Kotahi: “Watch me whip. Watch me nae nae.” Sound familiar to anyone? This is one of the most recent fads that was spread over all social media platforms, and took over my news feed in a matter of days. The random dance move is just one example of how mass mediated material easily takes over our news feeds, which is what we spend the majority of our time looking at in our free time.
Our fashion, attitude and so called “swag”, to name a few, is consistently dictated by what we like, follow or view on social media.
Before we know it, the world starts looking like less of individual minds all working together to act, and more like a giant glob of similar “totes adorbs peeps” that are acted upon.
Facebook, Instagram, Twitter and other platforms are becoming more of an opportunity to sell and become popular rather than its originally intended purpose: to share who you are as an individual with the world.
|This ad backs up my point about how social media platforms have become a form of business to sell product … they invade our space. They don’t allow us to choose what we want to see.|
Therefore, what? If we continue down this road of globalization, we will become prone to dictation from social media to define who we are. What are you missing by following the crowd that makes you “think” you’re being the black sheep through social media?
Jolene: Unlike a big performance, stage fright doesn’t keep us from speaking up in front of our peers found in social media or uploading videos of ourselves to our youtube channels. We all rely on a false sense of security that no one is out on the web that wants to hurt us. We all freely share who we are and what we like our public profiles, yet are we aware of how much information can be found and used against us?
How would you feel if your identity was being taken and recorded without your knowledge? Despite our best efforts, our online security is compromised when others take, record, misuse and extort our personal information without our permission. I believe that we have the right to have our online identities protected from unauthorized viewers.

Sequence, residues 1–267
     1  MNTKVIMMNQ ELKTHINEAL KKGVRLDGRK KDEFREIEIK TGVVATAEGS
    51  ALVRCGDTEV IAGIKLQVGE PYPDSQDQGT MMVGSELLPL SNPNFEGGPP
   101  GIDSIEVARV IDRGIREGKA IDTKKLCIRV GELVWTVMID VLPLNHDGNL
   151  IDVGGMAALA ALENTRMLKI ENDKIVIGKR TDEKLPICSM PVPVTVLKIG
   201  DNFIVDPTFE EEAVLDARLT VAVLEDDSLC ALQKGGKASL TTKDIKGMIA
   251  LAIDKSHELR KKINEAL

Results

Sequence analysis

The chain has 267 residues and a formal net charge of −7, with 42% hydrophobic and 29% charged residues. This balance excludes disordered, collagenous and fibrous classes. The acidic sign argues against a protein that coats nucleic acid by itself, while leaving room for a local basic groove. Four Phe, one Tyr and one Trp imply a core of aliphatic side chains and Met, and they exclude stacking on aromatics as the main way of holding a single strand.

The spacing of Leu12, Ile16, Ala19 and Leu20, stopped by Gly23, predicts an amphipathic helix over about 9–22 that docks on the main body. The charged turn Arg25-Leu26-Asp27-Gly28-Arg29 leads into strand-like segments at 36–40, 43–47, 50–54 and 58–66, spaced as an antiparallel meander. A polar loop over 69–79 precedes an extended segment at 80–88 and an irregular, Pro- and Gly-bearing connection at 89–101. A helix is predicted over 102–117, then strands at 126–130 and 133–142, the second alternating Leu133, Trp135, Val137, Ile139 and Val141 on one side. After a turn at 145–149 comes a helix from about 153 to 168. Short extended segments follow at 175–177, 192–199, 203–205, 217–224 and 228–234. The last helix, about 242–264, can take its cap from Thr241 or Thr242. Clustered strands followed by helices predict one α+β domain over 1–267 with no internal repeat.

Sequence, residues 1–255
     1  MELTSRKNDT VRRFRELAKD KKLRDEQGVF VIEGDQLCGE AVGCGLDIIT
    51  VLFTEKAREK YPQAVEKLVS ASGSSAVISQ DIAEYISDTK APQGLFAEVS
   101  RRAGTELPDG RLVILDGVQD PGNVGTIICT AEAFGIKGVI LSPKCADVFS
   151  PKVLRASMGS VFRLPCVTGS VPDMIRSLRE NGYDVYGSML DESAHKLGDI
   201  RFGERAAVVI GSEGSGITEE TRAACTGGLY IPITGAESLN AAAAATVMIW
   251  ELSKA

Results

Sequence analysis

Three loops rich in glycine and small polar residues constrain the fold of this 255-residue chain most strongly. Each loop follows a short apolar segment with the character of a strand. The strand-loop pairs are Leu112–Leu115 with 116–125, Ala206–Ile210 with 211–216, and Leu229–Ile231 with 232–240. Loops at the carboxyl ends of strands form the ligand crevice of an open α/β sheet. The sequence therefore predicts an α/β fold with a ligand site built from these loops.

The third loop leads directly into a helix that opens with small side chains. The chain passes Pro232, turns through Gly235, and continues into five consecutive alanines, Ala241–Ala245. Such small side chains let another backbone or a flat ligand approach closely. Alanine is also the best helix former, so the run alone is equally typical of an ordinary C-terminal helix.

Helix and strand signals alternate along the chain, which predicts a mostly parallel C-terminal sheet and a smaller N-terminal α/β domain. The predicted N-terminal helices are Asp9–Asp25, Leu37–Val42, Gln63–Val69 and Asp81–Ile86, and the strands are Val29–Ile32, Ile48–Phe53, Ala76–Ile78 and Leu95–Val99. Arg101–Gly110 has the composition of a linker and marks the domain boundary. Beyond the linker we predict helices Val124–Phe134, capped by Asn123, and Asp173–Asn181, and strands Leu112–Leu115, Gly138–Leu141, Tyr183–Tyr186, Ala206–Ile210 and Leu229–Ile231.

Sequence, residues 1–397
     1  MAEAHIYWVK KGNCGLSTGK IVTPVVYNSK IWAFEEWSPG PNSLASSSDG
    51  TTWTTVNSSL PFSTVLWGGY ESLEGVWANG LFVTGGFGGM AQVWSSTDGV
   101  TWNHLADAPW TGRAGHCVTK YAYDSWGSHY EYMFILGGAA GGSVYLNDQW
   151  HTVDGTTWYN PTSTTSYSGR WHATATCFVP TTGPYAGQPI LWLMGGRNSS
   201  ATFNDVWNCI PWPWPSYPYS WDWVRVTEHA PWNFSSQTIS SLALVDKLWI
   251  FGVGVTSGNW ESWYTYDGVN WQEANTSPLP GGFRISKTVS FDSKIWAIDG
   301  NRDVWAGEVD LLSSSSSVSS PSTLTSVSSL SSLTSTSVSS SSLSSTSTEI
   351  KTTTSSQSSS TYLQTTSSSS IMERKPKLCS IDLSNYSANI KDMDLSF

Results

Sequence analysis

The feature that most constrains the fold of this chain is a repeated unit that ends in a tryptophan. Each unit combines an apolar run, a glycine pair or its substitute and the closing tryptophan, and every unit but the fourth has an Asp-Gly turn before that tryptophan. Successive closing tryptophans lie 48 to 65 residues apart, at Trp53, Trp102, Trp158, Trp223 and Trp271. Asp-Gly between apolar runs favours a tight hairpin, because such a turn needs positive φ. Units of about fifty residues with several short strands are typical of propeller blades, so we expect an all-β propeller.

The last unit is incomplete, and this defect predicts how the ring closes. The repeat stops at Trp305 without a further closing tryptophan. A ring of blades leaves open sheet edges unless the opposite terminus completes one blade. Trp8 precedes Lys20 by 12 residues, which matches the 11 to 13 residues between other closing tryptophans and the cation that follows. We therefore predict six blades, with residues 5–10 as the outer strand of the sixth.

If you're anything like me, you stalk (I mean...take a look at) their social media accounts. There you'll find all sorts of pertinent information: what they look like, their sense of humor, the most important relationships they have (there's a reason that some girlfriends get upset if they aren't featured every #womancrushwednesday), their stance on politics, what kind of music they listen to, their religious beliefs, their moral code...the list goes on and on.
As a society, we are relying more and more on technology. We are finding our reality amid the 0's and 1's of the virtual world.
We perceive others based off of their social media profiles, and what is reality if not your perception of it?
Because so much information is publicly available online, employers have a responsibility to make sure that the person they are hiring well represents with the public image their company tries to portray. There are certainly risks there—after all, can’t anyone be anyone online? Because of the risks associated with online identities, we as individuals have a moral responsibility to portray ourselves honestly.
Mitchell: I don’t use social media very much. I don’t like spending hours online, looking at the lives of others. I prefer to keep my own life private, and share with people the news of my life in person.
There is a trend though to make everything public. Your craziness or rude behavior can somehow be validated if you get enough comments and likes on Facebook. If you can post daily pictures on Instagram of the perfect little things of your life, to a point where people recognize you at the local grocery store for your pictures, you’ve somehow “made it”.
Along with all these pictures and posts comes a back story though: strong opinions. If you don’t like a picture, or find it offensive, you had better let them know that they’re wrong and they’ve disrespected an entire race. If their post doesn’t fall in line with your “friend’s” radical views, you’ve just become the target of a retaliatory hate-post.
This concept is so new. Ten years ago, nobody in the world used Facebook. Nobody cared about their high school acquaintance’s younger brother’s political opinion. With a new Digital Age, we’ve ushered in a new identity wave. You are defined by your posts and your comments.